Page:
Winter is an amazing time to get walking in the Lecrin Valley. Whether you consider yourself a walking pro, weekend rambler or Sunday stroller, there’s a walk for you, and there’s no better way to see this amazing part of Spain than to get out amongst it in a comfy pair of trainers or walking boots.

The winter has been so mild, but there is still snow on the sierras, so you can basically walk through snow on the high ground, down to warm blossom filled orchards in the lower parts of the valley.

The almond blossom is now out and will shortly be followed by orange blossom from the hundreds of orchards around the area, so the air is filled with a gorgeous, sweet aroma and the scenery peppered with a light pink haze from the thousands of almond trees.

It’s a truly beautiful time of year and one where you get to really appreciate the beauty and contrasting elements of this amazing corner of Spain.

The following websites have great walks planned out for you that can be downloaded.

Or if you’re a local and want to get into walking regularly, then The Lecrin Valley Limpers has walks every weekend. or ask to join the Facebook Group at  Members only.

If you want to get higher up into the Sierra Nevada, then contact Mike at Sierra Nevada Guides: (based in Lanjaron).

Happy walking.

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Amazing almond blossom

No matter how many years you spend living in, or visiting the Lecrin Valley, you will never tire of the amazing spectacle every year when the almond blossom is in full bloom.

This year it arrived exceptionally early due to the mild weather, but the new blossom usually appears at the end of January, early February, heralding the spring and bringing the Lecrin Valley and surrounding hills to life at the end of the winter.

It’s so incredibly beautiful with the soft pink flowers contrasted against the rugged rockiness of the Andalucian landscape.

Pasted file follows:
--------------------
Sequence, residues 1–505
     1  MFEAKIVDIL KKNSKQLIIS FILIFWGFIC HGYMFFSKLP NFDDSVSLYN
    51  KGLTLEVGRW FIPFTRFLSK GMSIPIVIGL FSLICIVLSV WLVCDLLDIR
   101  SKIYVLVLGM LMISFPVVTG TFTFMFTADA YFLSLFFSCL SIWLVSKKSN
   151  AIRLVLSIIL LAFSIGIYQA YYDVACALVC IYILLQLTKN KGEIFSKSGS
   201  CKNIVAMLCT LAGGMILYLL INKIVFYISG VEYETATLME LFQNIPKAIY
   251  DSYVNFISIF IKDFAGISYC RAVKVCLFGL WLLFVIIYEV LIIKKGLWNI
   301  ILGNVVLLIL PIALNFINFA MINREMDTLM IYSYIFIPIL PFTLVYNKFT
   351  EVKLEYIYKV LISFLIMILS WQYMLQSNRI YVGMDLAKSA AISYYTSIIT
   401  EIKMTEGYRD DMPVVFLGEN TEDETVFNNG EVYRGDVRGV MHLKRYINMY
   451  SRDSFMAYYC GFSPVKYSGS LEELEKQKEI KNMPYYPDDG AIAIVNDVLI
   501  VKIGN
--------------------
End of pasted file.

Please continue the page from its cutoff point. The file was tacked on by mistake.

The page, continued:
Photos by Danielle Gouwens @ At Home in Andalusia 

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Winter in the Lecrin Valley: crisp blue sky days and warm sunshine

If you’re looking for some warm winter sun and crisp blue sky days, but prefer incredible scenery to sun-baking and love walking and a bit of skiing, then this is a great time of year to visit the Lecrin Valley. It’s also a great time to visit the Alhambra and the rest of Granada without all the busloads of tourists.

There isn’t a huge amount of rain over the winter in the Lecrin Valley, not that you need much with the acequias running full pelt most days, but just enough, with plenty of water coming off the mountains to water the orchards and it’s amazing just how much fruit and orchard goings-on there is at this time of year.

You’ll still find a lot of fruit on trees too – plenty of oranges (our grapefruit and navel oranges hung on well into February), and it’s quickly mixed with new blossom for the next lot of fruit – citrus trees are very busy all year round!  The Lecrin Valley becomes filled with that amazing sweet pungent scent of the “azahar” (official spanish name for the white flowers of the various citrus fruits).

In January, the whole valley is transformed again with the Almond Blossom. From white to pink, the blossom colours the entire landscape giving it a sort of pinky haze. And despite the sometimes ferocious wind, the little flowers manage to hang on well into February.

It’s an amazing smell and just when you think the trees have lost all their leaves and life for the winter they burst full of pretty pink and white flowers again.

Continue reading “Winter in the Lecrin Valley: crisp blue sky days and warm sunshine”

Altogether Almonds: it’s harvest time in the Lecrin Valley

How often when we eat almonds do we stop and think how they got to our table? Living here in the Lecrin Valley at this time of year it is a question that can easily be answered, as during the months of September and October the normal peace and tranquillity of the valleys and villages of Lecrin is broken by the sound of the small agricultural machines harvesting almonds.

Originally, almond trees came from Central Asia and were traditionally grown in non-irrigated areas of the Middle East and Mediterranean countries from ancient times until today. During the 18th century Spanish missionaries introduced the almonds to California, which is now the leading supplier worldwide, with Spain being in 2nd place.